Culture Combined With Education Can Bring People Together, Says Greek Artist, Educator In Interview
Strolling through the galleries of Zappeion, one of the emblematic buildings of Athens constructed for the first modern Olympic Games in 1896, Greek classical music composer, conductor and educator Eugenia Manolidou is listening to what monuments have to say to pass on the teachings to her students.
Solid knowledge of the past and strong links to our cultural heritage make us stronger, enable us to face the future, acknowledge the beauty of different cultures and realize the power of collaboration, she told Xinhua in a recent interview here, citing the example of Sino-Greek friendship and cooperation.
“Culture combined with education can bring people together, build bridges and break walls. Only through studying very hard can one appreciate the beauty of different cultures,” she stressed.
An artist and educator, Manolidou has contributed in recent years to building bridges of understanding and collaboration between Greece and China through cultural exchanges.
In August 2008, when Beijing hosted the Summer Olympic Games, she was invited to give a concert at the Beijing Concert Hall. She conducted the China National Opera & Dance Drama Theater Symphony Orchestra and Choir, presenting her work titled “Two Cultures, One Spirit.”
That was her first contact with China and the Chinese culture. In order to create a work matching the spirit of the Games and the two ancient civilizations, she conducted extensive research into the philosophy, music and mentality of the Chinese people.
“I felt a very deep obligation to serve two of the most ancient civilizations of the world. So, I combined what I knew best, symphonic music, with the pipa, a four-string plucked lute, one of the most elegant instruments of traditional Chinese music, ” Manolidou recalled.
She finally composed a concerto for pipa and symphony orchestra. “We narrated a fairy tale that brought the two peoples together,” she said.
“Apart from their welcoming applause, the audience that day made it clear to me that they knew that those two civilizations, no matter the distance between them, are united in their values, their philosophy, and their beautiful past.”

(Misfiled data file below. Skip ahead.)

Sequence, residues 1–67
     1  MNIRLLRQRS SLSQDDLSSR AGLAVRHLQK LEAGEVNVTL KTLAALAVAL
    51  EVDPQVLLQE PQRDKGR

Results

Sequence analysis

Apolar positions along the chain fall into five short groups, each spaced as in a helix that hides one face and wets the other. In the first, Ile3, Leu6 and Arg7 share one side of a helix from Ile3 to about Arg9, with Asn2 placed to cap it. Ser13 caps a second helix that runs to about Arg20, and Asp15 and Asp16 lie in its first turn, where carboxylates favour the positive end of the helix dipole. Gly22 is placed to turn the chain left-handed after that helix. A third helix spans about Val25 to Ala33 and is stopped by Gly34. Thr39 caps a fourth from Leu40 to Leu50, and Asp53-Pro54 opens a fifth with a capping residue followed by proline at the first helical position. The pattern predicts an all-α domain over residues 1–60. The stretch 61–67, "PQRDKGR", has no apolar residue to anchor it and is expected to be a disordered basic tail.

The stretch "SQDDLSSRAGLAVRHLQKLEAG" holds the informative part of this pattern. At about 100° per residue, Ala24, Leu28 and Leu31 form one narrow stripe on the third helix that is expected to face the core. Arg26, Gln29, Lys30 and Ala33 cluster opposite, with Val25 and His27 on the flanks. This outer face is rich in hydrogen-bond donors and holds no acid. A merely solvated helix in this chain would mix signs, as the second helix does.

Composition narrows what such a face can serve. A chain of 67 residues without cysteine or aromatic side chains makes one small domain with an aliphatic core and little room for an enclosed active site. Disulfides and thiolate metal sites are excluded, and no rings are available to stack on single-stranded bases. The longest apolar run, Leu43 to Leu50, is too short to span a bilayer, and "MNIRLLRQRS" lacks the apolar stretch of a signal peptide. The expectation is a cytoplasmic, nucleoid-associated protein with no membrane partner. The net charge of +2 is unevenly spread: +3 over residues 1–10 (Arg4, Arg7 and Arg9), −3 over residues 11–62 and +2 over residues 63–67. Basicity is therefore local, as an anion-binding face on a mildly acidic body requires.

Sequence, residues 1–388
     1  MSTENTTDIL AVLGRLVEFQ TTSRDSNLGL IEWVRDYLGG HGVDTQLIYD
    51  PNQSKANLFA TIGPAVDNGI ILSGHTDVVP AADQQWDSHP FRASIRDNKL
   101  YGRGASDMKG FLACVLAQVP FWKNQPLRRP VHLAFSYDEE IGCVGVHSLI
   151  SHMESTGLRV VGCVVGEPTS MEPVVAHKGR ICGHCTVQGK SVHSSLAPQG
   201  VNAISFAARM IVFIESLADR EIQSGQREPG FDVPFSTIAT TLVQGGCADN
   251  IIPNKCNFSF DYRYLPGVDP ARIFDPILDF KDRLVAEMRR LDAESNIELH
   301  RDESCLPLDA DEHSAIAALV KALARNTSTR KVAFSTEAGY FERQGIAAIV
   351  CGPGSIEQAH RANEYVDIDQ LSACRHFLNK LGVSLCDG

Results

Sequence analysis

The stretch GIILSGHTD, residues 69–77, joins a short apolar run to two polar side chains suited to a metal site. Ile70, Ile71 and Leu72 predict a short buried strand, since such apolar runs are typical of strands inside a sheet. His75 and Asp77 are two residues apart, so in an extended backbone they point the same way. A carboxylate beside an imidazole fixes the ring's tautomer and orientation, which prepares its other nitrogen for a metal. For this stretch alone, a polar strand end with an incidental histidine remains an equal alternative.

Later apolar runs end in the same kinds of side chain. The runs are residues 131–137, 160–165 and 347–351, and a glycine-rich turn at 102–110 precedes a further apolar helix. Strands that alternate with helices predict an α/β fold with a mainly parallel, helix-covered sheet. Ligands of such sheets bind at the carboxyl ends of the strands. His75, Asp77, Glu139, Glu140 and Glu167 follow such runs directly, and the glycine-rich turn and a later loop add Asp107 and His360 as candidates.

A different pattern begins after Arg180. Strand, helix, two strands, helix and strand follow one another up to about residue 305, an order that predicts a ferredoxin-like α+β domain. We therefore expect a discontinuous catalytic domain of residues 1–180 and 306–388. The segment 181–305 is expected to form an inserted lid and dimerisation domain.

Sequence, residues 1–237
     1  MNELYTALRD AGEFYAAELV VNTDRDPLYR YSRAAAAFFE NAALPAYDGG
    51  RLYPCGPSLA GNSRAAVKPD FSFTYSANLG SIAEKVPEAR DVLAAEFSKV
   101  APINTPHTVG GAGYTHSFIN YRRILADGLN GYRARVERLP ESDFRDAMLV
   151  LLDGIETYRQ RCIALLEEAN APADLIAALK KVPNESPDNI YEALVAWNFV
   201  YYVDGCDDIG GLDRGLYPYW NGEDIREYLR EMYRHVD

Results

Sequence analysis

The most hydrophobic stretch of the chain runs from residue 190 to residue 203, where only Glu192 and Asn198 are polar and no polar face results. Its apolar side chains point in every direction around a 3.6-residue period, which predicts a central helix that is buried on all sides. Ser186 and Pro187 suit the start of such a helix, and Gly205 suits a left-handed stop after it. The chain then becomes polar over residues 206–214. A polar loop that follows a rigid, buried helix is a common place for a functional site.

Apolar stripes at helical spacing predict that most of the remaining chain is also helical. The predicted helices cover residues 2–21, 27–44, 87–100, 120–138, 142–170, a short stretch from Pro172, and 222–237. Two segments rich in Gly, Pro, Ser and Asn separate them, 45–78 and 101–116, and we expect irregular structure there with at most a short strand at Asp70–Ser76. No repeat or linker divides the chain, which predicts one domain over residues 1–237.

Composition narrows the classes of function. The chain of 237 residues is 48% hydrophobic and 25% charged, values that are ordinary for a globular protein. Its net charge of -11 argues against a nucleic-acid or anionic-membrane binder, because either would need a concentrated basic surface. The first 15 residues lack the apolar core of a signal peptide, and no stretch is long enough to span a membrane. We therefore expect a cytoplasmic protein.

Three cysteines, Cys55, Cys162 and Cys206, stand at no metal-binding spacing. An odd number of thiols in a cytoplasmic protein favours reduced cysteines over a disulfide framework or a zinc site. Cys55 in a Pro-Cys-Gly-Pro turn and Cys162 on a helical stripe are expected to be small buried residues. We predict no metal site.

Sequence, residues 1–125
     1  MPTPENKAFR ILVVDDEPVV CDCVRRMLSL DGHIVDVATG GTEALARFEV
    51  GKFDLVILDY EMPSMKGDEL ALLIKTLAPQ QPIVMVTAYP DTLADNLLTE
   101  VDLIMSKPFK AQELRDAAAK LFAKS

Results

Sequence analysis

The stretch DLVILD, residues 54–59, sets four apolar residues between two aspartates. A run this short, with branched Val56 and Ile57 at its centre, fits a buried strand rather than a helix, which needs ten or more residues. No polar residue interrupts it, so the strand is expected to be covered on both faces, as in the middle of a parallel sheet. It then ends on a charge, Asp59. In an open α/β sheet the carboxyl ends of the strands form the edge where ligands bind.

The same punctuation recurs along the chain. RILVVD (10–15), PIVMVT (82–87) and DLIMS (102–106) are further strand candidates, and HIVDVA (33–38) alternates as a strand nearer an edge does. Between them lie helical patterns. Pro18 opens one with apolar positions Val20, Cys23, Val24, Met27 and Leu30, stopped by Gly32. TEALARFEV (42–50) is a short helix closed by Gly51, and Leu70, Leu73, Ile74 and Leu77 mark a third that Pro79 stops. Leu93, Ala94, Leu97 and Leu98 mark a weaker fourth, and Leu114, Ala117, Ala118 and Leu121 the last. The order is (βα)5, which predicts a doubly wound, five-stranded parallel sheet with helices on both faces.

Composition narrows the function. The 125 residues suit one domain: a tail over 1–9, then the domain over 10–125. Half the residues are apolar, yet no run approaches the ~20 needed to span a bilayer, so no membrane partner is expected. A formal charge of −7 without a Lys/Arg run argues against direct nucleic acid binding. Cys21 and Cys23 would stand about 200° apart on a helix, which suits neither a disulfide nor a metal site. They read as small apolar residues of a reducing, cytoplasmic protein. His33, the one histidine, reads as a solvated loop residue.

Manolidou is also head of studies at “Elliniki Agogi” (Hellenic Education), an Athens-based private school that teaches the language, history and philosophy of the ancient Greeks to children and adults. At the school, she focuses on children, as she did during a Greek-Chinese cultural exchange event last November.
On the eve of the Beijing 2022 Winter Olympics, the students of “Elliniki Agogi” and the “Beijing Academy” high school in the Chinese capital met through video link and recited excerpts of the works of ancient Greek and Chinese philosophers in the original language.
By building a bridge through philosophy, they reminded the world of the common values and ideas of the two civilizations and of their teachings on virtue, labor, friendship, truth, bravery, freedom and happiness.
She encourages other schools to follow in their footsteps because she believes there is much to gain from such initiatives.
“We only gain by learning about other cultures. We learn by sharing, talking, discussing and exchanging ideas, values, dreams and visions. The past is there to teach us. If we learn, if we know, if we respect the past then we can bring all this knowledge to the future.”
Greece and China, the cradles of the western and eastern civilizations, respectively, are also harbingers of exploration, and the world has a lot to benefit from their interaction, she said. “Together we are stronger. We have many more opportunities, many more chances to achieve what we want in the future,” she added.